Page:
Acknowledging the controversies noted at the beginning of this Commentary, this Dutch consortium has nevertheless undertaken to identify factors associated with cancer risk in hyperplastic polyposis, as distinguished from isolated serrated polyps, and has done so utilising a large number of cases drawn from a fairly integrated and well-curated database system in one country.
As with other similar efforts, significance was limited by the retrospective nature of the data set—one must be concerned about the consistency in descriptions and terminology over the long time period of the data collection. Such retrospective studies tend to overstate cancer risk and, in this series, 35% of subjects underwent resection for malignancy.
What is the endoscopist to do in response to such data?
The key question is how aggressively should right colon lesions be sought for and treated? Sessile serrated polyps can be very subtle and flat, commonly covered with a smooth cap of tenacious mucus. In a clean colon they can be characterised by means of high resolution colonoscopy, aided by narrow band imaging or by indigo carmine dye spray.13 The notion of a significant malignant potential in SSPs runs counter to a still prevalent dogma that HPs are inconsequential, a dogma that itself replaced even earlier dogmas.
Unlearning old dogmas, especially ones that we thought were evidence based, takes some doing. The current confusion over the significance of serrated colon polyps has led to inconsistent approaches to endoscopic management. There is variable aggressiveness in removing serrated lesions and no agreed-upon follow-up interval once they have been removed.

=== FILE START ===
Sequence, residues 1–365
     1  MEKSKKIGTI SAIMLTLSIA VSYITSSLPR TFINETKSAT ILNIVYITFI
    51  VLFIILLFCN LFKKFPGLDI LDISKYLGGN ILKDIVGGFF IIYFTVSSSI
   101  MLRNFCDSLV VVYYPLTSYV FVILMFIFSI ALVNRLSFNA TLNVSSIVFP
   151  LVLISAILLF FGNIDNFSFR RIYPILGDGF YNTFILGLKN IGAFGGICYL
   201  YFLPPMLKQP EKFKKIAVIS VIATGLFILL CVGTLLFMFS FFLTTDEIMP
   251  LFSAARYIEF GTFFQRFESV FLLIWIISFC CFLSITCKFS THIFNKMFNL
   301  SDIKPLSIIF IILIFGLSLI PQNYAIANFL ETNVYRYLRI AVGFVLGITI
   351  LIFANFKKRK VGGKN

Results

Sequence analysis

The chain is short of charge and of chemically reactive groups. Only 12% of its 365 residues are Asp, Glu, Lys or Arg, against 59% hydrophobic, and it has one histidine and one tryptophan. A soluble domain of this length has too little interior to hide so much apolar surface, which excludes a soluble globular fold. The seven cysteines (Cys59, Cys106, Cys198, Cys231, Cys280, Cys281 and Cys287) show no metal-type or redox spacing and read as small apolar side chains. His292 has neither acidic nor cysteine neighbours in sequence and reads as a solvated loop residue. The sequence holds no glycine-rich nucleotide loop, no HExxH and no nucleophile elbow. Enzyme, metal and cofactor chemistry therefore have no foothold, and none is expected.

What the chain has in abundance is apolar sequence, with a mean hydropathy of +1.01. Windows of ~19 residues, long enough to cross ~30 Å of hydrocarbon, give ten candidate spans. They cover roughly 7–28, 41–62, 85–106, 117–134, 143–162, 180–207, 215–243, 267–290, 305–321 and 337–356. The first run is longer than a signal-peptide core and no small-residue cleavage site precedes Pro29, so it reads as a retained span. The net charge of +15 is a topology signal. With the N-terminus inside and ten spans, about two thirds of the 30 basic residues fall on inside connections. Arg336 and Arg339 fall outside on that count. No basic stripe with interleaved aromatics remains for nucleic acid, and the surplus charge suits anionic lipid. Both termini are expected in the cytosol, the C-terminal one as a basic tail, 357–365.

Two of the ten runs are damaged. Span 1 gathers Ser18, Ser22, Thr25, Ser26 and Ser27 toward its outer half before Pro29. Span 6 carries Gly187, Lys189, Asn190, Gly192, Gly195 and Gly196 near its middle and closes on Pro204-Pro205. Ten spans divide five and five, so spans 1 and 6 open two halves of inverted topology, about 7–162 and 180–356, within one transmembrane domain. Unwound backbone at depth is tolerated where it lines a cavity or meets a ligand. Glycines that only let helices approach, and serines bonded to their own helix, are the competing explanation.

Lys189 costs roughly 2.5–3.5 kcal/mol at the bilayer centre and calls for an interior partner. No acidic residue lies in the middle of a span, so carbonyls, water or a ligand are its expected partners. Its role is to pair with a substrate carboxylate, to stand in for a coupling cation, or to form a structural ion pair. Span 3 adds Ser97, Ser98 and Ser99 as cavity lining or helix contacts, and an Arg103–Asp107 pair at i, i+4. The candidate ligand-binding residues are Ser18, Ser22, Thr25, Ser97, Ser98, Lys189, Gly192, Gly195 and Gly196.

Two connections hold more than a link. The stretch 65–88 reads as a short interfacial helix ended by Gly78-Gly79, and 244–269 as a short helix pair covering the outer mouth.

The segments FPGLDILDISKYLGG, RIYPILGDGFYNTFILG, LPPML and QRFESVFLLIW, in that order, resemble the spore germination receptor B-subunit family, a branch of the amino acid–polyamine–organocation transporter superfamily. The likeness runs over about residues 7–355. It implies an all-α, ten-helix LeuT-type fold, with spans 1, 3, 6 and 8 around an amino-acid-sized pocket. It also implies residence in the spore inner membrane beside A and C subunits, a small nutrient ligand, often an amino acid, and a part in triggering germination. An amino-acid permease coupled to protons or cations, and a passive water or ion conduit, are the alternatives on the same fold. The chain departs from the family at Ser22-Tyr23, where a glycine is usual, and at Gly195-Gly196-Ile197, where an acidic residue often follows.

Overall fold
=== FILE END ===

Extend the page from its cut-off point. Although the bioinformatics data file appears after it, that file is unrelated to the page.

A sense of the need for polypectomy has changed considerably. HPs, if signed out as such by the pathologist, may at one time have simply been followed expectantly in the belief, now known to be erroneous, that cancer risk was minimal even if the lesion was large. Now, most would agree SSAs need to be removed, especially if large. Formal endoscopic mucosal resection may commonly be necessary. Boparai et al10 suggest that the large right-sided SSAs should be left to those with expertise in endoscopic mucosal resection (EMR). Probably all hyperplastic-appearing lesions of any size in the right colon should be treated as SSAs and completely removed.
The following perspective on hyperplastic polyposis/SSA is based on a synthesis of the literature and personal experience in the endoscopic management of patients with a range of serrated lesions:
Patients with only diminutive HPs of the left colon and rectum, even when numerous, can be managed very conservatively, with sampling of representative lesions to document that they are, in fact, only HPs of typical histology. They do not merit aggressive endoscopic treatment or follow-up and virtually never need come to surgical resection.